Posted by: danielrashke | January 22, 2010

It’s Like Riding a Bike

In Wisconsin, during the cold months of winter many of us can’t help but fantasize about outdoor activity.  Maybe that explains why I was thinking of bicycles the other day…

The bicycle was invented in 1817 by Baron von Drais.  He envisioned it as a walking machine to help him get around the royal gardens faster.  It featured two same-size in-line wheels, mounted to a frame which he straddled.  He propelled the device by pushing his feet against the ground, thus rolling himself and the device forward in a sort of gliding walk.

Can you imagine the looks he must have received when he first rode his invention through the royal gardens in Germany?  Surely some people must have thought he was crazy.  Meanwhile, his bike had some major design flaws.  It was made of wood, which besides making it heavy and ungainly, must have made for a bumpy ride.  The bike’s practicality was limited.  There were no pedals, so forget about going up hill.  And without brakes, going down hill was probably no treat either.  It took several enhancements to his invention, but two centuries later, children the world over learn to ride a bike as a rite of passage.

That’s the way it often goes with innovation.  Many people of the time thought the automobile was a contraption and a passing fad.  Few besides Henry Ford thought the car would last.  He believed in it and pioneered something that was truly innovative.

At TASC, we’re also convinced of the importance of innovation.  Take for example the TASC Card.  Later this year we will dramatically expand the way the Card can be used.  The Card is already a convenient debit card that’s used in connection with a health reimbursement plan.  Later this year, the TASC Card will enter a totally new arena: the addition of “cash purse” transactions, meaning the Card can also be used for cash at an ATM.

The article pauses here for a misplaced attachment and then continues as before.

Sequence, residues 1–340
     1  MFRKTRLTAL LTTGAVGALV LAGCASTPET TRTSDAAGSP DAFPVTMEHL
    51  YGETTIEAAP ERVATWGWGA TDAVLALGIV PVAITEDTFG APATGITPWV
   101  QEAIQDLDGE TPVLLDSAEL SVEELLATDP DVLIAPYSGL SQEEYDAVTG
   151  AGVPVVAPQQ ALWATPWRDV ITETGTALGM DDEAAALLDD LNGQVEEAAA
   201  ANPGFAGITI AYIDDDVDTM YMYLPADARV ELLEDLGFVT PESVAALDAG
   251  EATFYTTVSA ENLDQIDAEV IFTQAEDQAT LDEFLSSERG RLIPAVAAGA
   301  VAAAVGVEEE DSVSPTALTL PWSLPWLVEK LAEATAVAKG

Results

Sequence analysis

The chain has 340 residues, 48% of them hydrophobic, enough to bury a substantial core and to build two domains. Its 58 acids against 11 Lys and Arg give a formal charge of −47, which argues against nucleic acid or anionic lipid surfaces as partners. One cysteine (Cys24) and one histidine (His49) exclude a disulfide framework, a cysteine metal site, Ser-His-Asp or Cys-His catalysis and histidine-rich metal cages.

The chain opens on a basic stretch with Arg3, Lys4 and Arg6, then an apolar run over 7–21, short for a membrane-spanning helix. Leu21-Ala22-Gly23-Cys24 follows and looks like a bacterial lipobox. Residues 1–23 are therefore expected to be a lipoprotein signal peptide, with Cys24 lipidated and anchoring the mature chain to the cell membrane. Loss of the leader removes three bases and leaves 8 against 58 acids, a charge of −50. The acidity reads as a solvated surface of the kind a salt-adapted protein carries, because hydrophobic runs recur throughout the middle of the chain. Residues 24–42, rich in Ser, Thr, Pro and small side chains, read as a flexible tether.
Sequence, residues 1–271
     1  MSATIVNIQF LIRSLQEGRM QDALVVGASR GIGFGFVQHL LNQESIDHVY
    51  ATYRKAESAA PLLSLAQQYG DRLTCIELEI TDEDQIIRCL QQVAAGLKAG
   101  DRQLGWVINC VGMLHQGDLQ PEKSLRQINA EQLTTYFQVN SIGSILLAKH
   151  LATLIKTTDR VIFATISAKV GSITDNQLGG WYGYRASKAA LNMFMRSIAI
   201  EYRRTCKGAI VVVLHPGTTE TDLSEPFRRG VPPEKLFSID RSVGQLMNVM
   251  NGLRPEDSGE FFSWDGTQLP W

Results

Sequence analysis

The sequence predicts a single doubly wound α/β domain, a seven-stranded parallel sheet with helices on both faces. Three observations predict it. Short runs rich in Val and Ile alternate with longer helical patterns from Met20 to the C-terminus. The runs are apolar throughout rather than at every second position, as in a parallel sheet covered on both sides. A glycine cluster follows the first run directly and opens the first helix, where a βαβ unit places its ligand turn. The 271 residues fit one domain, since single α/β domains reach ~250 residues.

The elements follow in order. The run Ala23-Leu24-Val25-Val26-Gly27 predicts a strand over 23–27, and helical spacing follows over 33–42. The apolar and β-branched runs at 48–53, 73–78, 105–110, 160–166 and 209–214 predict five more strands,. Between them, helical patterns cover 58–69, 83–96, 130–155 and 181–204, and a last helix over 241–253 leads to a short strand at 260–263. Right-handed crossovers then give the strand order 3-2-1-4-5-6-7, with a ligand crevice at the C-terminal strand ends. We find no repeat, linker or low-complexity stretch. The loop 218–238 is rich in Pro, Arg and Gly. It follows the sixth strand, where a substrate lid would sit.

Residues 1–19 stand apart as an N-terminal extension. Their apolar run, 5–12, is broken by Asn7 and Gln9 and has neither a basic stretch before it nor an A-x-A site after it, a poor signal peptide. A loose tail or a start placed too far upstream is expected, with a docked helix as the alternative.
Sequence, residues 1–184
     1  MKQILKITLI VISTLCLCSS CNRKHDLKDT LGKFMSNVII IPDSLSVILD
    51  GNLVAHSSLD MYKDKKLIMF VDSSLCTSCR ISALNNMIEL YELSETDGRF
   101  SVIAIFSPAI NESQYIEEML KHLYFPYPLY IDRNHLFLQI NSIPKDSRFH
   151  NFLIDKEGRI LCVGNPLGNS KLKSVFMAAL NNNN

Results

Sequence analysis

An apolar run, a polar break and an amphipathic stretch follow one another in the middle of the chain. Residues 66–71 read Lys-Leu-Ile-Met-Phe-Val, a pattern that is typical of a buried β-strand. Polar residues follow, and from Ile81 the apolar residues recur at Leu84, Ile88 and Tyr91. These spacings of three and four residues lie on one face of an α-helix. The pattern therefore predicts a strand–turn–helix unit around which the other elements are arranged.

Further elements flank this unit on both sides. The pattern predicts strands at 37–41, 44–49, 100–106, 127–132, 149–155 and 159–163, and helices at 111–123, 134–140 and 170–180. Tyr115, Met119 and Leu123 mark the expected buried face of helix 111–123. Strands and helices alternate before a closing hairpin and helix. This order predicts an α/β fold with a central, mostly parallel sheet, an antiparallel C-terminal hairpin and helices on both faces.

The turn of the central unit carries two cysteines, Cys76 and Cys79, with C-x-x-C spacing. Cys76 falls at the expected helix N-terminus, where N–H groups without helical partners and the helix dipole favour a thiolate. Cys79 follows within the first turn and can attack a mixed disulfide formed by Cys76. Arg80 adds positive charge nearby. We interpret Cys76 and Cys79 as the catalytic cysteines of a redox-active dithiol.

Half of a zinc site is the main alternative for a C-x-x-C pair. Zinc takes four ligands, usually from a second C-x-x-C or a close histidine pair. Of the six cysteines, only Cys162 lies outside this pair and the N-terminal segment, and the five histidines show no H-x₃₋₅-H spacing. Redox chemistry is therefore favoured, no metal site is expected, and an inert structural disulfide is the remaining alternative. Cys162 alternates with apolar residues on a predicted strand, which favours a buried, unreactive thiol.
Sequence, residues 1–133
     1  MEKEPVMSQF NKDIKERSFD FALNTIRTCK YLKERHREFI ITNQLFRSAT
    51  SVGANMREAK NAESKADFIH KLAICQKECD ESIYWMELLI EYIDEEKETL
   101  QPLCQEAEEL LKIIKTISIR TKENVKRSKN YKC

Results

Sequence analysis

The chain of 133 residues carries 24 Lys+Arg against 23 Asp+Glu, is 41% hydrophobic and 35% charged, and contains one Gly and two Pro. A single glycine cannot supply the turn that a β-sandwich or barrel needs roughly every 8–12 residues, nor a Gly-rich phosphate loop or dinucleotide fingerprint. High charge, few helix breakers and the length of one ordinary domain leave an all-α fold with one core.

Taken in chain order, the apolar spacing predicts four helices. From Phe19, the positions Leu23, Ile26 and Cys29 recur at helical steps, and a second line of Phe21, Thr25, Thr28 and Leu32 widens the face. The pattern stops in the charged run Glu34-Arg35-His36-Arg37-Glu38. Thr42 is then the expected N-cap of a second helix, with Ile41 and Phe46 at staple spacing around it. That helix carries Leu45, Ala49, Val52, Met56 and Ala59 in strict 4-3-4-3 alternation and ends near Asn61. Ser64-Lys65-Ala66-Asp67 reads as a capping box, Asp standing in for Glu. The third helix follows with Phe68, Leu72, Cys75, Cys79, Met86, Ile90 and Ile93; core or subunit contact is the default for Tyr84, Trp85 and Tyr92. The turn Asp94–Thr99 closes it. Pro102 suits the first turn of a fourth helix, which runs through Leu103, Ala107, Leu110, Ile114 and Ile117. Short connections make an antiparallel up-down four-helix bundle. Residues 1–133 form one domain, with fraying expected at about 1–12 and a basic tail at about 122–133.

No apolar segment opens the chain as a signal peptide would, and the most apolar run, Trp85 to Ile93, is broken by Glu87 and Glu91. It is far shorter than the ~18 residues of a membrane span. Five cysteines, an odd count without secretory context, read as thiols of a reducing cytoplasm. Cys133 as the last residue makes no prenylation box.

No one else in the industry is offering a Card that can be used at an ATM, and we’ve worked hard to get this far.  Meanwhile, we know that the road to innovation can be a bumpy one indeed.  And we know that it might take some additional tweaking before the TASC Card comes with a completely smooth ride.  Remember when you first learned how to ride a bike?  Did you fall?  More than once?  Did you scrape your knees?  Your elbows?  Did you quit?  Probably not!  Instead, you got back on your bike and tried again, because you knew there was a lot to be gained by learning to ride a bike.

We will continue to explore, expand, and innovate.  We may fall once in a while, but in the end, we know there is a lot to be gained.  In the end, we are sure you will agree.  We just need to get past the initial bumps in the road.


%d bloggers like this: